I love all aspects of baking, however bread is definitely not my strong suit. But when I started thinking about competing in the Chef’s Hat competition, I knew I wanted to create something all on my own. It was a perfect opportunity to challenge my bread making ability and come up with a formula of my own, which I had never done before.
My inspiration for doing a chocolate bread came from this reddit post I saw a few months ago. I hadn’t even thought of chocolate in a bread dough before this! What a great, unique idea that contains one of my favourite ingredients – chocolate. The reddit user who posted their bread used this recipe, which contains dried fruit and walnuts.
“Sourdough Noir,” from Emilie on “the clever carrot”
Turns out chocolate sourdough hasn’t been done very often, because my internet surfing for recipes to compare with was pretty dry. Most recipes have chocolate chips and dried fruit as inclusions, but I wanted the impactful, deep dark coloured loaf like the “sourdough noir.” There was one recipe that seemed to be the front runner – Chocolate cherry loaf. Chef James Bartlett of Metropolitan bakery in Philadelphia specializes in this bread, and I managed to find a few videos of his makeup process. My friend Halsey found me a recipe for a chocolate cherry bread just like it, so I had a good base to start creating my formula from.
Instead of cherries, I wanted to have one of my favourite flavour combinations – chocolate and hazelnuts. In our NAIT formula books there is a recipe for “Rustic Hazelnut Sourdough (#52),” so I took that one and compared it side by side to the chocolate cherry loaf formula. Here are my first set of notes comparing the 2:
I knew I had to play around with the yeast levels and hydration to get the right balance, so I started with 65% hydration and 1% yeast in addition to my sourdough starter. I also decided to cold brew espresso into my water for the bread overnight since espresso is a natural flavour enhancer to chocolate. As for procedure, I did an autolyse method and retarded the dough overnight. Here is the first formula and procedure:
Everything went as planned for the first go round…except I forgot to add the yeast. The levain alone did not do well overnight in the fridge, and the dough temperature was very low. The bread smelled amazing, however it was way too dense. I also got feedback that the amount of chocolate chips was a little high. A disappointing first attempt, but not a complete failure. Back to the books!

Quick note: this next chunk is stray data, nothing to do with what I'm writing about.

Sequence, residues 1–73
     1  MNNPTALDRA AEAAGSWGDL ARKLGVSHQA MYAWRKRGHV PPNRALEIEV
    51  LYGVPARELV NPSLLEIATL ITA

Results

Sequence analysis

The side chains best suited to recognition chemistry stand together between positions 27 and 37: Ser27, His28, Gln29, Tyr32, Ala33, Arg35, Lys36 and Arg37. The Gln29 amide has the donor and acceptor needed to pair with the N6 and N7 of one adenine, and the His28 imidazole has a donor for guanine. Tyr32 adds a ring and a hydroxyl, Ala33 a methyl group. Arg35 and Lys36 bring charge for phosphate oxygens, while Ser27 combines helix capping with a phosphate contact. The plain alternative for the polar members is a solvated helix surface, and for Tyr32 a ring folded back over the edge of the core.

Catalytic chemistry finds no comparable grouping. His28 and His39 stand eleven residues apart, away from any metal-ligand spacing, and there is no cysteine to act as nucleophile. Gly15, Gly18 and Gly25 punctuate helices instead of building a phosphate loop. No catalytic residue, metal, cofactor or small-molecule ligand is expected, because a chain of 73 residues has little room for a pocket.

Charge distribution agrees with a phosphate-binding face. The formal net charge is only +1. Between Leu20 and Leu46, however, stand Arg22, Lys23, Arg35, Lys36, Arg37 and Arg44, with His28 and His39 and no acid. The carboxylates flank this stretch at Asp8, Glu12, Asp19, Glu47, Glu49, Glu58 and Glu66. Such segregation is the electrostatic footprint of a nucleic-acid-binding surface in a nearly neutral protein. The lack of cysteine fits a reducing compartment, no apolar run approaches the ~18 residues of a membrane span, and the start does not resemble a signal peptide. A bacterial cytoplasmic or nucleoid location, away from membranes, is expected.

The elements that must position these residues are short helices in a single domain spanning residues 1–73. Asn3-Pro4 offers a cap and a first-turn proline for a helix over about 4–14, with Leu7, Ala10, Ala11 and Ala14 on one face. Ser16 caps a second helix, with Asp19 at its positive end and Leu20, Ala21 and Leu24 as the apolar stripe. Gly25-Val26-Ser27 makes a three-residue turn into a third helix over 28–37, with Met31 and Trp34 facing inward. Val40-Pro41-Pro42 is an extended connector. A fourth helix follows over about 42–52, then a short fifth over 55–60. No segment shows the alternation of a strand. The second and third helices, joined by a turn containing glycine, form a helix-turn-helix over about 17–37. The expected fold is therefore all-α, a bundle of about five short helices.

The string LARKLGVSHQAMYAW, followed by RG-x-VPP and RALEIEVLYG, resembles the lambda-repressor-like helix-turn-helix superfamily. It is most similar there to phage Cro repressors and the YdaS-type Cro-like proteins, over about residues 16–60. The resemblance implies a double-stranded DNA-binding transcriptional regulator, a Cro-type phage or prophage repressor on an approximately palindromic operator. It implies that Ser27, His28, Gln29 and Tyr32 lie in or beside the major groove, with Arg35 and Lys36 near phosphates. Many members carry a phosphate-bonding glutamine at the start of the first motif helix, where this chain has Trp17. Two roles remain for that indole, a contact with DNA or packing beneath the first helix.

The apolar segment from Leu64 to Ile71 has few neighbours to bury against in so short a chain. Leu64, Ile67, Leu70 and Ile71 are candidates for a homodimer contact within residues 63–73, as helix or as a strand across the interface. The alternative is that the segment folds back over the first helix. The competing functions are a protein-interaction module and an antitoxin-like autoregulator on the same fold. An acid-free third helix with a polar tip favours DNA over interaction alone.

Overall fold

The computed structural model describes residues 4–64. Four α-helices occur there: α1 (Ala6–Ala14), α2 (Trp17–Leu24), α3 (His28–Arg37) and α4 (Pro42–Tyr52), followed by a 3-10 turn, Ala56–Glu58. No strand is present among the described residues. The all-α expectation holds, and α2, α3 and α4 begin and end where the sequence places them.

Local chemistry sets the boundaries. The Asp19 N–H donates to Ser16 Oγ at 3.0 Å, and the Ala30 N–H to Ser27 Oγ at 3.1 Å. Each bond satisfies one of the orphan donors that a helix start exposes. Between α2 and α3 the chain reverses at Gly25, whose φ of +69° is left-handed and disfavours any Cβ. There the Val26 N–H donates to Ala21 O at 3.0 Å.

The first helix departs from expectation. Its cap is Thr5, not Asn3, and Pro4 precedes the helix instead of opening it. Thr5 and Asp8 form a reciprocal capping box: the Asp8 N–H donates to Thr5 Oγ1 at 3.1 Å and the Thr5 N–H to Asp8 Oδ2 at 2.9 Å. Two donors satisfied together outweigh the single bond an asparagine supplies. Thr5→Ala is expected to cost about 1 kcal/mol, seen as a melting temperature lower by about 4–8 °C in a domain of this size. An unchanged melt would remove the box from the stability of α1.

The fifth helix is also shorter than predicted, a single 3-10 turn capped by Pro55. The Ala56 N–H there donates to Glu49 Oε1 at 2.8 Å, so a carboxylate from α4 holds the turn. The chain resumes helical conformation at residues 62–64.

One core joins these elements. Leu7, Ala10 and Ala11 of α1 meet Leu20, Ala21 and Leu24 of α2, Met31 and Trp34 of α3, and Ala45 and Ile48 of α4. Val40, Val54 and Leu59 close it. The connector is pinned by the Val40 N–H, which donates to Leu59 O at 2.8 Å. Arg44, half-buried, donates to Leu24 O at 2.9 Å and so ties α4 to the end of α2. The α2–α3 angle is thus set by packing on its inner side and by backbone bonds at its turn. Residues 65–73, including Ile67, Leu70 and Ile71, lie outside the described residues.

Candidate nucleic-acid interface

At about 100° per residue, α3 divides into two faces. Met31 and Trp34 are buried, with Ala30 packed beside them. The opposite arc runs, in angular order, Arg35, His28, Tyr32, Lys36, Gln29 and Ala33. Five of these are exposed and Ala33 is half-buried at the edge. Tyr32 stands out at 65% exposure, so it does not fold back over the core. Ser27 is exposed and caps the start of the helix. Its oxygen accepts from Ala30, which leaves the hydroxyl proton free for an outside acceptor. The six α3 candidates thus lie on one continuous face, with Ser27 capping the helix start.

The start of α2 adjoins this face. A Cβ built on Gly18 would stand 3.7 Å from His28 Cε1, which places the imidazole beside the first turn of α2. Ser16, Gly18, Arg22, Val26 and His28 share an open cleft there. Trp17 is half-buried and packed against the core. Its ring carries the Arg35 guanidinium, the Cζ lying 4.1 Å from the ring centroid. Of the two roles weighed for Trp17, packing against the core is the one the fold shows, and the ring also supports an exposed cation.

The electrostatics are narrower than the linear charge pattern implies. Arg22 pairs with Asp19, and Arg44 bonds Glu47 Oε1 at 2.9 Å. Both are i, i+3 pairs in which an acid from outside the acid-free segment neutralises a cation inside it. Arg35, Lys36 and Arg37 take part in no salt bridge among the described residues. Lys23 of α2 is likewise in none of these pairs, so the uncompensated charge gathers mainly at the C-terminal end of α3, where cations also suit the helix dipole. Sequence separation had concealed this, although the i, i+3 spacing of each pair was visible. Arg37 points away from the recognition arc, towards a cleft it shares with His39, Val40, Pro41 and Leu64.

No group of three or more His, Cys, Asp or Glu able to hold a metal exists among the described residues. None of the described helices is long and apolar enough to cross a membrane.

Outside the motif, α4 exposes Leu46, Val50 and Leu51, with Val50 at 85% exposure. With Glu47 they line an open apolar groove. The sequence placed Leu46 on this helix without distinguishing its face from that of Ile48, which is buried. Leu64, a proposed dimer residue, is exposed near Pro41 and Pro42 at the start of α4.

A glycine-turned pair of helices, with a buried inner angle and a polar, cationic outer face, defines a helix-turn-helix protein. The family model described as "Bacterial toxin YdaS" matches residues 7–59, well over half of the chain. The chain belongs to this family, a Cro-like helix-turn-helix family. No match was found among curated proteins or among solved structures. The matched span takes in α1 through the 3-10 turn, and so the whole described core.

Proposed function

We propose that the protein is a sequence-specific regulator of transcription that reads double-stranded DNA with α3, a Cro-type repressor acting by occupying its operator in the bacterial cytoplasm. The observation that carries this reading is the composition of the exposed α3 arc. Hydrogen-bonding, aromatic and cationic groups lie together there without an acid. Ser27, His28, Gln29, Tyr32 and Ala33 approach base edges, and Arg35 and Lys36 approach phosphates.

I did two more tests, keeping everything constant except for the hydration, levain amount and chocolate chip amount. I reduced the chocolate chips by 10% for both loaves, and followed the same procedure. This time I actually added the yeast though, and did not retard overnight.
Much better. The chocolate chip amount was just right, and yeast definitely helped a lot. I would have liked to retard overnight for that nice bubbly skin and better flavour development, but overall I was pleased. The formula I decided to go with was test #2, with 70% hydration and 65% levain. I ended up using that formula for our final practical assessment:
They weren’t the prettiest loaves, but they did turn out pretty good. I did not retard them overnight, and in the interest of time I ended up doing a hot brewed espresso instead of a cold brew which actually made the bread quite sour compared to the previous attempts. The sourness balanced pretty well, but I found that it was less of a chocolate enhancer and more of a hazelnut suppressor.
I still have some tweaks to do until it’s perfect, but I like the flavour of it and overall I think I achieved my goal. This bread tastes and smells amazing when toasted with a bit of butter. The Chef’s Hat competition is soon, and I intend on using test #2 with cold brew espresso and retarding overnight. Ask me later how it turns out!
If you wanted to try it for yourself, here is the formula:
Chocolate Hazelnut Sourdough
4 loaves @ 650g each
- Cold brew espresso and water 12-24hrs before mixing. Toast hazelnuts beforehand.
- Prepare levain 12 hours before.
- Combine espresso water (drained), flour, and levain till hydrated, autolyse for 20 min.
- Add cocoa powder, yeast, malt powder and salt; mix for 4 min on 1st speed and 2-4 min on 2nd speed, until gluten formation.
- Add chocolate chips and crushed hazelnuts on speed 1 until incorporated.
- BFT for 90 min at room temp with 1 fold. (RDT 24C)
- Scale and divide, retard overnight.
- Proof in floured baneton for approx 1.5 hours at room temp.
- Bake between 425-450F for 30 min.
Thanks for reading! Happy baking,